“Light in sodium” or “lightly salted”
- The product contains 50% less sodium per serving compared to the regular version of it.
“Unsalted,” “without added salt,” and “no salt added”
- These products were processed without salt, while normally these products are processed with salt (such as unsalted pretzels versus regular pretzels).
- This doesn’t guarantee that the food is sodium-free.
Reading Nutrition Facts Labels
Most of the sodium you eat comes from packaged foods and drinks, so it’s important to read the nutrition labels to find the sodium content. About 75% of sodium that you eat comes from eating packaged and restaurant foods. Although many packaged foods may not taste salty, they may still have high sodium content.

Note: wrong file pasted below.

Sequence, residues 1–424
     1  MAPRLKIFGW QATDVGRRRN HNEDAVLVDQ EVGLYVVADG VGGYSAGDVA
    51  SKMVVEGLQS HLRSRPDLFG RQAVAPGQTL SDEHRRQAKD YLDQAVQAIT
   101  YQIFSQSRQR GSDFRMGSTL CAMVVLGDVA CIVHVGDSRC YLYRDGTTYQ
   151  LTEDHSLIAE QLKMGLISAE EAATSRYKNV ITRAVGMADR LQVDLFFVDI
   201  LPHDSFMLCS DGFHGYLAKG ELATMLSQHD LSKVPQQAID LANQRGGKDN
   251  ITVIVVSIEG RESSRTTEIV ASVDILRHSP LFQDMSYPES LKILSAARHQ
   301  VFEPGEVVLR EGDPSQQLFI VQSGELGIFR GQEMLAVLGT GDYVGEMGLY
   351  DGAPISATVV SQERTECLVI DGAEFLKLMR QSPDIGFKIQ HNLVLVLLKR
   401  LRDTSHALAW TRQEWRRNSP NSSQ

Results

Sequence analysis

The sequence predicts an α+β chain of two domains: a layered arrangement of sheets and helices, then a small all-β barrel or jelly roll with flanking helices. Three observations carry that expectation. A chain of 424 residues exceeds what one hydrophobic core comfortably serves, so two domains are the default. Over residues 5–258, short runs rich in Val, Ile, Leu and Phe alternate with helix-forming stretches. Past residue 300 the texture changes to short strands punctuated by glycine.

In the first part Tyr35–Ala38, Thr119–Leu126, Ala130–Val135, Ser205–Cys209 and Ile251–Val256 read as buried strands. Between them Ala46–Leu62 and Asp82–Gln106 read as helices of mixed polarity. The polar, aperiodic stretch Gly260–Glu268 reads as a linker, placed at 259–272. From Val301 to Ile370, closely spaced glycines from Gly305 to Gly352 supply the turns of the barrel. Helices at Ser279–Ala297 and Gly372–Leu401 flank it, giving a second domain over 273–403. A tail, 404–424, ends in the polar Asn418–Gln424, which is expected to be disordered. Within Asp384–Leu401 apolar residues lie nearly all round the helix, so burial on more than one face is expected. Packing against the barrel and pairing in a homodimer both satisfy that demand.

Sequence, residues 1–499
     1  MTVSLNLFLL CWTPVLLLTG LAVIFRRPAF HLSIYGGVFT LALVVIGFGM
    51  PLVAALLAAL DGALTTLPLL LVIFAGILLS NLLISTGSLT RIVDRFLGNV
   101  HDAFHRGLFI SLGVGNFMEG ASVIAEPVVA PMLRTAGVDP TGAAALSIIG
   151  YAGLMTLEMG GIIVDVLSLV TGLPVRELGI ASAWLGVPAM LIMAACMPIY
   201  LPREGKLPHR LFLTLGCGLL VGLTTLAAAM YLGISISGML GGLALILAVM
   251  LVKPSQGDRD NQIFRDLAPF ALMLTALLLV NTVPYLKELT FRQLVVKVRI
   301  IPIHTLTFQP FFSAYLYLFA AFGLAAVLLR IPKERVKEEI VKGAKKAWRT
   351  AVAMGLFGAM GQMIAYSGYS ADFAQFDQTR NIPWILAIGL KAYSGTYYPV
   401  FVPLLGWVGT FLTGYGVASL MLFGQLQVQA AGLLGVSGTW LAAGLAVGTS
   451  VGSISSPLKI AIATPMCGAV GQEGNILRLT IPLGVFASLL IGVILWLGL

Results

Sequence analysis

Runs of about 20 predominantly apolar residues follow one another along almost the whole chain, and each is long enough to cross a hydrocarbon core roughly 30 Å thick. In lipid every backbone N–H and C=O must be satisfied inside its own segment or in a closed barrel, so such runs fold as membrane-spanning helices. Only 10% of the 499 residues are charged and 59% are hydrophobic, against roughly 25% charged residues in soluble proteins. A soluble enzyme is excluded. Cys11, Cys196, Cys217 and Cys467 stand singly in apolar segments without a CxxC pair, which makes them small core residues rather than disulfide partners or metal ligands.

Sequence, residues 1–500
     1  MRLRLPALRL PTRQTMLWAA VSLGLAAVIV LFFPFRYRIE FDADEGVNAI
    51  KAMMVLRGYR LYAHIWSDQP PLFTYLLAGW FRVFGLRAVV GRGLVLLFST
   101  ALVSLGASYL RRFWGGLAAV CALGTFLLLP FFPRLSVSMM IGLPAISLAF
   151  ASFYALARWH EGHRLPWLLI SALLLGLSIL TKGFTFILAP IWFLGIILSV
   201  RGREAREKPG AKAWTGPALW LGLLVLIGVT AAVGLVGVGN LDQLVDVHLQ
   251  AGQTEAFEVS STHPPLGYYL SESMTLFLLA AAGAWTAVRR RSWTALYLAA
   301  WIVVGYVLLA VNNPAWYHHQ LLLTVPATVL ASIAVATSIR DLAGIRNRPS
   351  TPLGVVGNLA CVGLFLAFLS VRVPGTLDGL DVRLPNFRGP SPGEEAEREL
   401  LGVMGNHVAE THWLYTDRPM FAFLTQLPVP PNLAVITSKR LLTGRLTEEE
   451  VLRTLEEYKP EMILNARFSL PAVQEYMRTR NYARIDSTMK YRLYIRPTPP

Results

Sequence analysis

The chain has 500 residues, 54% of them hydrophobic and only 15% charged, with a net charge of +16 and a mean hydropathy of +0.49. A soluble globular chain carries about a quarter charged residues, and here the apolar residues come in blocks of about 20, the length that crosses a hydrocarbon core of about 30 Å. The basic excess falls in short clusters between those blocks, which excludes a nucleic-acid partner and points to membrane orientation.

On a nutrition label, the sodium content is always listed in milligrams for 1 serving. If you eat or drink 2 servings, you’re getting double the amount of sodium. This means that you will have to multiply the amount of sodium per serving by 2.
Checking the percent Daily Value for sodium is also a good way to monitor your sodium intake. The daily value for sodium is less than 2,400 mg per day. If the percent Daily Value is 5% or less, that food is considered low in sodium. If the percent Daily Value is more than 20%, it’s considered high in sodium. Remember, if you have more than 1 serving of a food or drink, you would also need multiply the % Daily Value for the sodium.
The sodium content is circled on the Nutrition Facts labels below (see Figure 1). You can see the milligrams of sodium and the percent Daily Values of sodium per serving. The regular chicken soup has 37% of your daily value of sodium (890 mg), which is high. The low-sodium version has 6% (140 mg), which makes it a better choice.